Section of the gp120 protein on the surface of HIV. Appears to be important in stimulating neutralizing antibodies. See also Antibodies; gp120.
Inoculation of a substance (vaccine) into the body for the purpose of producing active immunity against a disease. The vaccine is usually a weakened culture of the agent causing the disease; the use of vaccines is a cornerstone of preventive medicine. Vaccination was used in ancient times in China, India and Persia, and was introduced to the West in the late 18th century by E. Jenner. Vaccinations have eradicated smallpox and are used today to prevent diphtheria, poliomyelitis, rabies and typhoid. Experimental vaccines for certain cancers have been developed for laboratory mice. See also Inoculation.
A substance that contains antigenic components from an infectious organism. By stimulating an immune response (but not disease), it protects against subsequent infection by that organism. See also Antigen; Vaccination.
A cowpox virus, formerly used in human smallpox vaccines. Employed as a vector in HIV vaccine research to transport HIV genes into the body. See also Vaccination; Vector.
A nonpathogenic bacterium or virus used to transport an antigen into the body to stimulate protective immunity (e.g., in a vaccine). See also Antigen.
(Viral Load). The amount of HIV virus in the circulating blood. Monitoring a person's viral burden is important because of the apparent correlation between the amount of virus in the blood and the severity of the disease: sicker patients generally have more virus than those with less advanced disease. A new, sensitive, rapid test-called the branched DNA assay for HIV-1 infection-can be used to monitor the HIV viral burden. In the future, this procedure may help clinicians to decide when to give anti-HIV therapy. It may also help investigators determine more quickly if experimental HIV therapies are effective.
1. Typically a virus contains an RNA (ribonucleic acid) or DNA (deoxyribonucleic acid) core of genetic material surrounded by a protein coat. See also DNA; Ribonucleic Acid. 2. As related to HIV: Within HIV's envelope is a bullet-shaped core made of another protein, p24, that surrounds the viral RNA. Each strand of HIV RNA contains the virus' nine genes. Three of these-gag, pol and env-are structural genes that contain information needed to make structural proteins. The env gene, for example, codes for gp160, a protein that is later broken down to gp120 and gp41. See also env; gp41; gp120; gp160; p24.
A laboratory method for growing viruses.
As related to HIV: HIV is spherical in shape with a diameter of 1/10,000 of a millimeter. The outer coat, or envelope, is composed of two layers of fat-like molecules called lipids, taken from the membranes of human cells. Embedded in the envelope are numerous cellular proteins, as well as mushroom-shaped HIV proteins that protrude from the surface. Each mushroom is thought toconsist of a cap made of four glycoprotein molecules called gp120, and a stem consisting of four gp41 molecules embedded in the envelope. The virus uses these proteins to attach to and infect cells.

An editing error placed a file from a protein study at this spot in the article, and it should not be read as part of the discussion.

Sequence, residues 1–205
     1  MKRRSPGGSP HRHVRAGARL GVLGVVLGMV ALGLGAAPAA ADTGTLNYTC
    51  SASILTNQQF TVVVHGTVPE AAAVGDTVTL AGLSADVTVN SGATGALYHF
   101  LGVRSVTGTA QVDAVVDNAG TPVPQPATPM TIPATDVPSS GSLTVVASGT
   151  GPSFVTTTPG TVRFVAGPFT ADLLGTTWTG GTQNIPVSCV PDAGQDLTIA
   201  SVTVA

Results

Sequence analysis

See Viral Burden.
The presence of virus in the bloodstream.
A virus particle existing freely outside a host cell. A mature virus.
The study of viruses and viral disease.
Any agent that destroys or inactivates a virus.
Organism composed mainly of nucleic acid within a protein coat, ranging in size from 100 to 2000 angstroms (unit of length; 1 angstrom is equal to 10-10 meters); they can be seen only with an electron microscope. During the stage of their life cycle when they are free and infectious, viruses do not carry out the usual functions of living cells, such as respiration and growth; however, when they enter a living plant, animal or bacterial cell, they make use of the host cell's chemical energy and protein- and nucleic acid-synthesizing ability to replicate themselves. Viral nucleic acids are single- or double-stranded and may be DNA (deoxyribonucleic acid) or RNA (ribonucleic acid). After viral components are made by the infected host cell, virus particles are released; the host cell is often dissolved. Some viruses do not kill cells but transform them into a cancerous state; some cause illness and then seem to disappear, while remaining latent and later causing another, sometimes much more severe, form of disease. Viruses, known to cause cancer in animals, are suspected of causing cancer in humans. Viruses also cause measles, mumps, yellow fever, poliomyelitis, influenza and the common cold. Some viral infections can be treated with drugs. See also DNA; Nucleic Acid; Ribonucleic Acid.